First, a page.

A Plos One paper by Beall et al.
This paper analyses medicine/device patent combinations in Athma, Diabetes, COPD and severe allergic reactions to look for evidence of device patents being used to extend market exclusivity.
The paper found that patents on devices, which result in longer patent protection of the medicines they are given with, are very common. The median additional years of patent protection afforded by device patents was 4.7 years (range: 1.3–15.2 years).
“Incremental, patentable innovation in devices to extend the overall patent protection of medicine/device product combinations is very common.”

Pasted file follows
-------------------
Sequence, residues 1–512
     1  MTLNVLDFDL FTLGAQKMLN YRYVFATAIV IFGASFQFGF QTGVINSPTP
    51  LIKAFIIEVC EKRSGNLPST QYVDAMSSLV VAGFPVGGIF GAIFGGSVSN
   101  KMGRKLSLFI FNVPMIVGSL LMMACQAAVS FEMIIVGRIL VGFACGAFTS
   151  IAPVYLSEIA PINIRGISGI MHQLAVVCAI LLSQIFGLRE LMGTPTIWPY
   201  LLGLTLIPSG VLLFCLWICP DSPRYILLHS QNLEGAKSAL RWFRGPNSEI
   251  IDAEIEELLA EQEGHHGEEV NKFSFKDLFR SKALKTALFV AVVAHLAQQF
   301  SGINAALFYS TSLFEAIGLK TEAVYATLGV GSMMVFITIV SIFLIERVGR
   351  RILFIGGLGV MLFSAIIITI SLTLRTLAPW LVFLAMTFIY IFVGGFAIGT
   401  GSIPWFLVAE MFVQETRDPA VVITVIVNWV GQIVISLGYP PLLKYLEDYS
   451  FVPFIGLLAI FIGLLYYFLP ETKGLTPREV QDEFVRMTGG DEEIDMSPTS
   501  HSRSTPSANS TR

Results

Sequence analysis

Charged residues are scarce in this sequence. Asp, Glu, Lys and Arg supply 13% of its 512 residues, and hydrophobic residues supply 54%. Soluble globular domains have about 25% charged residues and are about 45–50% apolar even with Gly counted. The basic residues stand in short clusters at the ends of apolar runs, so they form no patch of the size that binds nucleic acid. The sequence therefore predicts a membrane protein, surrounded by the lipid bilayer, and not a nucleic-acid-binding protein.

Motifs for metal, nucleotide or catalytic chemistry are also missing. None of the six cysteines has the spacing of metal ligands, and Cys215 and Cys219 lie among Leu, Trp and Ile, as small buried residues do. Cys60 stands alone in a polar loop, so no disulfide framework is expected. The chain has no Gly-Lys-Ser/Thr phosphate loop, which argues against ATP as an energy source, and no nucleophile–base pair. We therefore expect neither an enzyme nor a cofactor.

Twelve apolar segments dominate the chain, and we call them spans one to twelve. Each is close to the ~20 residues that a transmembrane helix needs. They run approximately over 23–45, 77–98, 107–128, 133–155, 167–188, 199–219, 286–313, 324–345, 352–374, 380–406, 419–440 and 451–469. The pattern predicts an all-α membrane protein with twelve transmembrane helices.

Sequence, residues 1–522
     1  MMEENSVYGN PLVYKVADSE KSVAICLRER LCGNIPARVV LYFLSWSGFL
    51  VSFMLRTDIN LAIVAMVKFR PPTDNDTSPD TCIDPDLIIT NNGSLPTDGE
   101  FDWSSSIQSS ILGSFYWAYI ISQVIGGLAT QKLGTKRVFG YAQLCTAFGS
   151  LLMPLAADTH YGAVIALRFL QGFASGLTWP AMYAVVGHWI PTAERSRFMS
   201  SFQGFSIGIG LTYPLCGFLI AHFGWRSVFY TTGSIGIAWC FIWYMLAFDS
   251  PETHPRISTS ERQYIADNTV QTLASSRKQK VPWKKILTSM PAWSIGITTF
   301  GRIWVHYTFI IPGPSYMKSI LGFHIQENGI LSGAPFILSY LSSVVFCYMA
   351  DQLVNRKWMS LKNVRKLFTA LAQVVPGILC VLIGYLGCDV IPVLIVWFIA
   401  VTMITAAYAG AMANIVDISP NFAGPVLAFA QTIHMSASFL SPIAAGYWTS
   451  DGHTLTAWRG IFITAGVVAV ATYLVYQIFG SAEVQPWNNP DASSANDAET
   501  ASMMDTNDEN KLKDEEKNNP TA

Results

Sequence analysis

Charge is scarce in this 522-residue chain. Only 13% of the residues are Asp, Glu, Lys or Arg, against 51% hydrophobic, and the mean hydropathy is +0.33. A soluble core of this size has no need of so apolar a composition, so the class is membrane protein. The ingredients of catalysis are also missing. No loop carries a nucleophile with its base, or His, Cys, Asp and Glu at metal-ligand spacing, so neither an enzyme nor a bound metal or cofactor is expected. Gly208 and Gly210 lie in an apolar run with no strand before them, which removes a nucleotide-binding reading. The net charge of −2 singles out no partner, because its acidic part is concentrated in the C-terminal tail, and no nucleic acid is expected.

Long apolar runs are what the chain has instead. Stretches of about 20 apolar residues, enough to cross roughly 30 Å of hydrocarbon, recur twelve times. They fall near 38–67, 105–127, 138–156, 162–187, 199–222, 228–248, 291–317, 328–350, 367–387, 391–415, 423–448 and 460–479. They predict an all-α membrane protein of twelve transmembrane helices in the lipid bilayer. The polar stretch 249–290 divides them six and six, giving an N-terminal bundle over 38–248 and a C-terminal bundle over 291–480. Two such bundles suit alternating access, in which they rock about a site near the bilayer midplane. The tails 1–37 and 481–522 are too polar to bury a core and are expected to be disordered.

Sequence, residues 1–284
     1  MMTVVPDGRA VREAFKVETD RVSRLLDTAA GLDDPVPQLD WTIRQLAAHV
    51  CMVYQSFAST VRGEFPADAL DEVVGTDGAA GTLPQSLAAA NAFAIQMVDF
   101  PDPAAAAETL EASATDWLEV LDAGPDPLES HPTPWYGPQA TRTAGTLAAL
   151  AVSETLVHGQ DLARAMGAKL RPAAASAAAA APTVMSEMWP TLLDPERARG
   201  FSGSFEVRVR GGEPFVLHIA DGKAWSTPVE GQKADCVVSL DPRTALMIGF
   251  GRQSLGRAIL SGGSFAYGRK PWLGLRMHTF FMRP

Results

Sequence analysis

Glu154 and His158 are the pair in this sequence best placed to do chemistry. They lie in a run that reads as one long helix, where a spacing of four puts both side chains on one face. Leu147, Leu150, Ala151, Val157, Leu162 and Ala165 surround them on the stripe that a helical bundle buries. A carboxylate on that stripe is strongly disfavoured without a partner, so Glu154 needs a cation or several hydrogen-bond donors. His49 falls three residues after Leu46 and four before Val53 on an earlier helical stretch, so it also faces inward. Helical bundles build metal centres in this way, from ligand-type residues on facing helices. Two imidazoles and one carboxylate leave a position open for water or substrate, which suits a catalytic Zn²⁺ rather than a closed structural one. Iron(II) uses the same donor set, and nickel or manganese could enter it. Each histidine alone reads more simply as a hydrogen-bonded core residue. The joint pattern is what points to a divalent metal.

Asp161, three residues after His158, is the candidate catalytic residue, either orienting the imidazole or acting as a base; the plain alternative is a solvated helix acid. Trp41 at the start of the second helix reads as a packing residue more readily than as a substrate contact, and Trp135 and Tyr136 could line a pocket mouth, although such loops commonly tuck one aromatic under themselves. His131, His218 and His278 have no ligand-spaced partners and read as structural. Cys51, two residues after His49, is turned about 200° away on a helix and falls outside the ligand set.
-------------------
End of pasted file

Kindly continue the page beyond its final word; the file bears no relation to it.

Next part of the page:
“Our study demonstrates that medicines for which patents have long expired in the United States can be placed behind a second tier of patent protection for their delivery devices.”
“In the health-specific definition, evergreening occurs when a secondary patent extends the product’s exclusivity period without a proportionate therapeutic benefit. Under this definition, many of the products in this study were arguably evergreened, because the medicines would have the same (or very nearly so) therapeutic benefit if administered by an alternative device.”
Beall RF, Nickerson JW, Kaplan WA, Attaran A (2016) Is Patent “Evergreening” Restricting Access to Medicine/Device Combination Products? PLoS ONE 11(2): e0148939. doi:10.1371/journal. pone.0148939